Friends and coworkers Nick Dolin and Lisa Bennett were producers on HBO's Real Sports With Bryant Gumbel. The duo seemed like a great fit; they had similar interests (he had a love for the Mets while she was a die-hard Phillies fan) and were close friends.
Romance seemed like the next reasonable step in their relationship but Bennett was reluctant. She'd been "involved" at work before and wasn't keen on taking the plunge again, least of all with her closest platonic friend.
In late 2001, much was made about Michael Irvin's self-proclaimed new lease on life. With the help of friends and family, Irvin supposedly abandoned the world of drug abuse and sexual license for that of born-again Christianity, and the skeptical sports media was champing at the bit for the story.
Real Sports sent Dolin and Bennett to Dallas to get the exclusive.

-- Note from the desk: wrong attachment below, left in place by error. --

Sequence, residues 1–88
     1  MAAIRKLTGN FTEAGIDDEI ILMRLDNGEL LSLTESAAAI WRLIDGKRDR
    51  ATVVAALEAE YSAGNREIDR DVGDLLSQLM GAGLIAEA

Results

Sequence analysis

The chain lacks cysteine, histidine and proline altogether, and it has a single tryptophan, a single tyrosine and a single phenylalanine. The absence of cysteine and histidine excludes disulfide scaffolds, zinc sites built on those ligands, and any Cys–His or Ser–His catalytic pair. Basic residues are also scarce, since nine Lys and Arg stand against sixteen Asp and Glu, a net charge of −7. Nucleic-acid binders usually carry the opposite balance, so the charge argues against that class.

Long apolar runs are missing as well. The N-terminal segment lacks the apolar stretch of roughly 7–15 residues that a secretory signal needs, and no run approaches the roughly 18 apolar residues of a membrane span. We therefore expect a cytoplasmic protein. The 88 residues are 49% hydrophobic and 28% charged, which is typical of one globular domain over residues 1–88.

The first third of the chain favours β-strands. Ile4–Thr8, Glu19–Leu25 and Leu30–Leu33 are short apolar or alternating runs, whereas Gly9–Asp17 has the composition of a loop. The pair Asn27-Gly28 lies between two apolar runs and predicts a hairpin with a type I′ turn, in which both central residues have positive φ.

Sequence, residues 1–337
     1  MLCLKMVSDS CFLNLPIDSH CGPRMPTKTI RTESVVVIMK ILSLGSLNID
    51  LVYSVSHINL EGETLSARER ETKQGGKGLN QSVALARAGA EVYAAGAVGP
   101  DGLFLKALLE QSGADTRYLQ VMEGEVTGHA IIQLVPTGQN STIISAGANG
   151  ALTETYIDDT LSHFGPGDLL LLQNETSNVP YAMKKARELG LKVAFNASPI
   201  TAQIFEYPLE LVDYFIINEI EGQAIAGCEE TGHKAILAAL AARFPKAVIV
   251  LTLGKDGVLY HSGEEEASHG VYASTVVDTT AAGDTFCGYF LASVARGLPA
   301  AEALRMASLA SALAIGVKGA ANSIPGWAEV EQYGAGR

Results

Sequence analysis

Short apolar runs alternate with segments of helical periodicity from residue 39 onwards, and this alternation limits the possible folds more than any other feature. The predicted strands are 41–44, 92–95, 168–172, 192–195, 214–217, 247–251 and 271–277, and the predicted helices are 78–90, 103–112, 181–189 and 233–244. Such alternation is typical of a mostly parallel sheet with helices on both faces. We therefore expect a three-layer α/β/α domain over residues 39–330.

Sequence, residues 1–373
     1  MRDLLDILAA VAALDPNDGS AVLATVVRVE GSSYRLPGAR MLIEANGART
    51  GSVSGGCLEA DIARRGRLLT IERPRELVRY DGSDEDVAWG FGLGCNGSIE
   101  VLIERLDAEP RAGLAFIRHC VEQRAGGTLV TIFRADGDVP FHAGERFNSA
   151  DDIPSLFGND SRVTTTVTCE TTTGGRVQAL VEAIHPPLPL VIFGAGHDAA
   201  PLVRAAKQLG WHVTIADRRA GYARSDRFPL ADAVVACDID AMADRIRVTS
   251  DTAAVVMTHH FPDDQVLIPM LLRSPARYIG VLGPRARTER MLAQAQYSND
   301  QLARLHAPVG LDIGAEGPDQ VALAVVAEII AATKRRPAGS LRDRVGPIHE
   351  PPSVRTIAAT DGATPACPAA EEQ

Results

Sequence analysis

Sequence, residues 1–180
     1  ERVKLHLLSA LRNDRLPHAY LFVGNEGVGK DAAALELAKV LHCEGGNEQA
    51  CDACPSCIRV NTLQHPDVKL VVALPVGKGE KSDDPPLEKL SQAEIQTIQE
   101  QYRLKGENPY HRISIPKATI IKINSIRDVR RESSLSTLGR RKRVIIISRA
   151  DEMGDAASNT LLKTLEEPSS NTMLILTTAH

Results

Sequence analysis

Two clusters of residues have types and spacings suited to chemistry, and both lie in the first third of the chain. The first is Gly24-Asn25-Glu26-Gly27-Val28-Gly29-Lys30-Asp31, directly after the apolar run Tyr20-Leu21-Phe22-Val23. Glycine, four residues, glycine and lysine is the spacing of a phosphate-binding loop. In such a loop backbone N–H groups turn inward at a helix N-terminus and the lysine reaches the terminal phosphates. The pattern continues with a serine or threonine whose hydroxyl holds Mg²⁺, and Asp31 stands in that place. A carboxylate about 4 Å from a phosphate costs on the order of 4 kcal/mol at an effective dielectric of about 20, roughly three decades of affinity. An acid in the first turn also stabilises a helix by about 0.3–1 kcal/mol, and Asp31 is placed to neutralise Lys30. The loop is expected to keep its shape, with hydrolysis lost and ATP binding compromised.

The producers met Irvin at the home of the Good Reverend Deion Sanders. Whether Sanders was clad in some crazy zoot suit and fedora typical of his preacher years is unknown and, well, irrelevant, but soon after the interview began, Irvin turned the tables on Dolin and Bennett, and asked why they weren't a couple.
According to reports, their faces turned beet red in embarrassment, but we all know that the Playmaker left no time for the awkward silence often found in situations of this nature. He pressed them on their status, insisting that God put them together for a reason.
"I had to say something," said Irvin. "In that other world, that spiritual world, that soul mate world, there was something going on soul to soul, not body to body."
I wonder what his soulmate speech sounded like. Did he quote scripture? Did he get the gruff rumble in his voice that is often heard when he's making inane comments during Monday Night Countdown?